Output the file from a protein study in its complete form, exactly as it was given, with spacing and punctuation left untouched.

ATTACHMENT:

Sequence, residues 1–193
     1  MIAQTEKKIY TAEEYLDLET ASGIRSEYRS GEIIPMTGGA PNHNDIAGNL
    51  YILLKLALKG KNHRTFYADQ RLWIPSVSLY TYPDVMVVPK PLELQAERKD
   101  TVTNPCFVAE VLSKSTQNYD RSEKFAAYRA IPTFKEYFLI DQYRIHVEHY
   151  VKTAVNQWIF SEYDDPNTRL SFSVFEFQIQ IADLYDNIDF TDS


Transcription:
Sequence, residues 1–193
     1  MIAQTEKKIY TAEEYLDLET ASGIRSEYRS GEIIPMTGGA PNHNDIAGNL
    51  YILLKLALKG KNHRTFYADQ RLWIPSVSLY TYPDVMVVPK PLELQAERKD
   101  TVTNPCFVAE VLSKSTQNYD RSEKFAAYRA IPTFKEYFLI DQYRIHVEHY
   151  VKTAVNQWIF SEYDDPNTRL SFSVFEFQIQ IADLYDNIDF TDS